Removal of an endotracheal tube from the patient.
A blocking of nerve conduction to a specific area by an injection of an anesthetic agent.
A stable, non-explosive inhalation anesthetic, relatively free from significant side effects.
The restoration to life or consciousness of one apparently dead. (Dorland, 27th ed)
Studies used to test etiologic hypotheses in which inferences about an exposure to putative causal factors are derived from data relating to characteristics of persons under study or to events or experiences in their past. The essential feature is that some of the persons under study have the disease or outcome of interest and their characteristics are compared with those of unaffected persons.
Programs of training in medicine and medical specialties offered by hospitals for graduates of medicine to meet the requirements established by accrediting authorities.
Back flow of gastric contents to the LARYNGOPHARYNX where it comes in contact with tissues of the upper aerodigestive tract. Laryngopharyngeal reflux is an extraesophageal manifestation of GASTROESOPHAGEAL REFLUX.
The science and technology dealing with the procurement, breeding, care, health, and selection of animals used in biomedical research and testing.
A broad family of synthetic organosiloxane polymers containing a repeating silicon-oxygen backbone with organic side groups attached via carbon-silicon bonds. Depending on their structure, they are classified as liquids, gels, and elastomers. (From Merck Index, 12th ed)
Absence of air in the entire or part of a lung, such as an incompletely inflated neonate lung or a collapsed adult lung. Pulmonary atelectasis can be caused by airway obstruction, lung compression, fibrotic contraction, or other factors.
Inanimate objects that become enclosed in the body.
An intravenous anesthetic with a short duration of action that may be used for induction of anesthesia.
Advanced and highly specialized care provided to medical or surgical patients whose conditions are life-threatening and require comprehensive care and constant monitoring. It is usually administered in specially equipped units of a health care facility.
Drugs that bind to and block the activation of ADRENERGIC BETA-1 RECEPTORS.
The act of dilating.
A short-acting hypnotic-sedative drug with anxiolytic and amnestic properties. It is used in dentistry, cardiac surgery, endoscopic procedures, as preanesthetic medication, and as an adjunct to local anesthesia. The short duration and cardiorespiratory stability makes it useful in poor-risk, elderly, and cardiac patients. It is water-soluble at pH less than 4 and lipid-soluble at physiological pH.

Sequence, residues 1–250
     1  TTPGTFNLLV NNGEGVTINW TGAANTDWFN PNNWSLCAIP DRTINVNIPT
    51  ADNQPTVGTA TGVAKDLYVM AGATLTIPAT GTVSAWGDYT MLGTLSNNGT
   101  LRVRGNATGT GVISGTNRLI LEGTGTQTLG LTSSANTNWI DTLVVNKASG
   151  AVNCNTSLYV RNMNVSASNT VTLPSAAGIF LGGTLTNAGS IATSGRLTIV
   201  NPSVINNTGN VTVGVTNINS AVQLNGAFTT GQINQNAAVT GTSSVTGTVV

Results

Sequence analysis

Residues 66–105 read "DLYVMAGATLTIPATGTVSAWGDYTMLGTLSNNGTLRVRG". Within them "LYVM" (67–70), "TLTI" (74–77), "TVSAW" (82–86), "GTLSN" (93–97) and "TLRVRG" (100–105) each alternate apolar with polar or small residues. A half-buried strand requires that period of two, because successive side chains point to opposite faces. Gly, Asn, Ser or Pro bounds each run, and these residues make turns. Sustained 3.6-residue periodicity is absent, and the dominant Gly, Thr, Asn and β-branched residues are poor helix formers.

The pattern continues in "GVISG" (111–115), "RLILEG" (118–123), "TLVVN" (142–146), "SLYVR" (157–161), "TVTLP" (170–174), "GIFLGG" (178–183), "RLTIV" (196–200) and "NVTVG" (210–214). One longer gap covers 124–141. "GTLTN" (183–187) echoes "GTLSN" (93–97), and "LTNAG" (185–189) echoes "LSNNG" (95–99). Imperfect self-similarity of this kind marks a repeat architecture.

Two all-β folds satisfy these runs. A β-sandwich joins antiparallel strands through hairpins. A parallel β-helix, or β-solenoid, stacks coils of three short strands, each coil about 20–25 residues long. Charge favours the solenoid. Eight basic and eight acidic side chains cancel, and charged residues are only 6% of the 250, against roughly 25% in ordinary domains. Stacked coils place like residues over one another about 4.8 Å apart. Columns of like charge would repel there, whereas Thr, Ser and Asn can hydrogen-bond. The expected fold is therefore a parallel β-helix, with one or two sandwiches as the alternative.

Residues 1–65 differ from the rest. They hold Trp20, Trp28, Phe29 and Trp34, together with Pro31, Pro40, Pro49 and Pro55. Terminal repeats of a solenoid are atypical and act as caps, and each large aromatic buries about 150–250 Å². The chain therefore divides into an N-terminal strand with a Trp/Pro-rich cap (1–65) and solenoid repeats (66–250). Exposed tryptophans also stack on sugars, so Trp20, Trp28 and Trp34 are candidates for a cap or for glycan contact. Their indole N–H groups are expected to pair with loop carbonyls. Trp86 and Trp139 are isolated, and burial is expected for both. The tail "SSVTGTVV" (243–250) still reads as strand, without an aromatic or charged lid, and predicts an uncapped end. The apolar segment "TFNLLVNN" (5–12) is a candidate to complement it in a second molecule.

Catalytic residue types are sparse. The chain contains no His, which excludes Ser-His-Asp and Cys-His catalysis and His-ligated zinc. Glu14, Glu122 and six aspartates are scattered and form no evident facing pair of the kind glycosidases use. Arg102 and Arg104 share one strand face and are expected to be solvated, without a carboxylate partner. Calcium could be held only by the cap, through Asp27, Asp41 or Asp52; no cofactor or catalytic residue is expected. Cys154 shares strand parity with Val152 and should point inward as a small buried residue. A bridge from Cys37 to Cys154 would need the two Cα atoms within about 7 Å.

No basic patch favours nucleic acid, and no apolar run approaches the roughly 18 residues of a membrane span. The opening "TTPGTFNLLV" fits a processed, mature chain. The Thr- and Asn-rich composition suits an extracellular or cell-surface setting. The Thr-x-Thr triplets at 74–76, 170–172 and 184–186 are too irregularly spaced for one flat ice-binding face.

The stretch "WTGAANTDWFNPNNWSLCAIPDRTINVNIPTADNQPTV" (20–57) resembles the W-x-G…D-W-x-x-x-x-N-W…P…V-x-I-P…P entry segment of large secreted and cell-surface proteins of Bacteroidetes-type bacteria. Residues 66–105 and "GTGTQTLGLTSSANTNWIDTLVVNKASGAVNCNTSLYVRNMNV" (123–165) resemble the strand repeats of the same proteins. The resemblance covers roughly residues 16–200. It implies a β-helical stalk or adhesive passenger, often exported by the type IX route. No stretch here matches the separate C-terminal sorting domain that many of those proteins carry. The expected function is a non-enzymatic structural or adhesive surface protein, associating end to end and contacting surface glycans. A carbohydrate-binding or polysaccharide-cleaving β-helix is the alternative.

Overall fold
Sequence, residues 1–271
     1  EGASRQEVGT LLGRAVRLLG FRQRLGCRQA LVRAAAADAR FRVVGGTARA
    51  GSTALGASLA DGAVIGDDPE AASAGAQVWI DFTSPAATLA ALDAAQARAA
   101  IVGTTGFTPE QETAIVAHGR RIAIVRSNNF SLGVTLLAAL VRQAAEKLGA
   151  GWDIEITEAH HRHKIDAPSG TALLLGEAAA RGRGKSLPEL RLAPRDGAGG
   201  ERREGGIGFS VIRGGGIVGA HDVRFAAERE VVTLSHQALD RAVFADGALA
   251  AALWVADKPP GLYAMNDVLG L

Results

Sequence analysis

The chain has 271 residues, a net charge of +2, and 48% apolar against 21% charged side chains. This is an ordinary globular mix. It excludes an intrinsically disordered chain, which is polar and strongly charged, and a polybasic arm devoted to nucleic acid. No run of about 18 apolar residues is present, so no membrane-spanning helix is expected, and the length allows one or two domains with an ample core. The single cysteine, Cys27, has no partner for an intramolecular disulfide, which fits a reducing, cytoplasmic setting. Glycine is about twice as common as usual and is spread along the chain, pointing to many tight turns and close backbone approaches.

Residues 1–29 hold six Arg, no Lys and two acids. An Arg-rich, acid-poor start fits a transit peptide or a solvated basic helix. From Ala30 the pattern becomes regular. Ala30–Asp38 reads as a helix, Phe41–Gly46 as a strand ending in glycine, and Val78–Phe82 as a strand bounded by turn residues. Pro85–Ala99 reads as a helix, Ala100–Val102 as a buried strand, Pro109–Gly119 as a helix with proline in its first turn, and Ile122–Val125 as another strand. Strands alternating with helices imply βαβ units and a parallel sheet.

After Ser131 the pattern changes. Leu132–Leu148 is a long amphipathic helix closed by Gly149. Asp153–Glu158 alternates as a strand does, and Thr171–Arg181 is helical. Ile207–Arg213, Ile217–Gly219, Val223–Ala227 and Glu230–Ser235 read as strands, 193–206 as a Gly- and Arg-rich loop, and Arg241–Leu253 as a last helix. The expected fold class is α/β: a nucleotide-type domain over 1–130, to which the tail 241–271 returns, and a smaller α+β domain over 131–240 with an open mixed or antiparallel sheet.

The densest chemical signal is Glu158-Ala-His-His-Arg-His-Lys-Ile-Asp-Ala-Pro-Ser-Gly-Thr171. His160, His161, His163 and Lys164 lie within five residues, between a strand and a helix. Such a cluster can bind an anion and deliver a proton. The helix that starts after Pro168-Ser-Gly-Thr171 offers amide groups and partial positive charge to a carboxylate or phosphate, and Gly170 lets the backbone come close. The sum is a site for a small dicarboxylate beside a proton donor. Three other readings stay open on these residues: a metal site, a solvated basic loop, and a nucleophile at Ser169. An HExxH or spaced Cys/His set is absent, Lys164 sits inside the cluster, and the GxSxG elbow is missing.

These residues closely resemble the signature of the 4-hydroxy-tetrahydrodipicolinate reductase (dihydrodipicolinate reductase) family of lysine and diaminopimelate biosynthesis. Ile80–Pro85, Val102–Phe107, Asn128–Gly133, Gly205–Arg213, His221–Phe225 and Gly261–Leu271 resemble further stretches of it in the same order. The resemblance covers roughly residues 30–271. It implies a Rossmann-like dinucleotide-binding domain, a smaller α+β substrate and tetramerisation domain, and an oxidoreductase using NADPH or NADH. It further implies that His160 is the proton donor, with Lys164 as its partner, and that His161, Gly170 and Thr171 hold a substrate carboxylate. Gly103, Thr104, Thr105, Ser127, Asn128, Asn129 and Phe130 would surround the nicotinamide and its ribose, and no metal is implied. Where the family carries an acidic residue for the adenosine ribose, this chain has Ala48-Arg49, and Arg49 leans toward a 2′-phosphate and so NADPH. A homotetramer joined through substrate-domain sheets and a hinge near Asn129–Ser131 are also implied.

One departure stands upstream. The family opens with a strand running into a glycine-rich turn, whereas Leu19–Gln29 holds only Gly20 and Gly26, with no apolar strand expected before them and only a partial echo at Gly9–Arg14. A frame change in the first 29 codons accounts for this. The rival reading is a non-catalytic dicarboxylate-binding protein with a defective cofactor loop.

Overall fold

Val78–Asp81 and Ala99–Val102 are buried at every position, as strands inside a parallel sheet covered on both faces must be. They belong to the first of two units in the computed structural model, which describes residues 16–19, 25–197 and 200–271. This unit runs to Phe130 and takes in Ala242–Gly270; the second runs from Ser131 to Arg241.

A muscarinic antagonist used as an antispasmodic, in some disorders of the gastrointestinal tract, and to reduce salivation with some anesthetics.
First aid or other immediate intervention for accidents or medical conditions requiring immediate care and treatment before definitive medical and surgical management can be procured.
A measure of the quality of health care by assessment of unsuccessful results of management and procedures used in combating disease, in individual cases or series.
Devices used to assess the level of consciousness especially during anesthesia. They measure brain activity level based on the EEG.
An opioid analgesic that is used as an adjunct in anesthesia, in balanced anesthesia, and as a primary anesthetic agent.
Techniques for effecting the transition of the respiratory-failure patient from mechanical ventilation to spontaneous ventilation, while meeting the criteria that tidal volume be above a given threshold (greater than 5 ml/kg), respiratory frequency be below a given count (less than 30 breaths/min), and oxygen partial pressure be above a given threshold (PaO2 greater than 50mm Hg). Weaning studies focus on finding methods to monitor and predict the outcome of mechanical ventilator weaning as well as finding ventilatory support techniques which will facilitate successful weaning. Present methods include intermittent mandatory ventilation, intermittent positive pressure ventilation, and mandatory minute volume ventilation.
A transient absence of spontaneous respiration.
Pathologic processes that affect patients after a surgical procedure. They may or may not be related to the disease for which the surgery was done, and they may or may not be direct results of the surgery.
Removal of an implanted therapeutic or prosthetic device.
A tumor-like nodule or mass of inflammatory granulation tissue projecting into the lumen of the LARYNX.
An element with atomic symbol O, atomic number 8, and atomic weight [15.99903; 15.99977]. It is the most abundant element on earth and essential for respiration.
Difficulty in SWALLOWING which may result from neuromuscular disorder or mechanical obstruction. Dysphagia is classified into two distinct types: oropharyngeal dysphagia due to malfunction of the PHARYNX and UPPER ESOPHAGEAL SPHINCTER; and esophageal dysphagia due to malfunction of the ESOPHAGUS.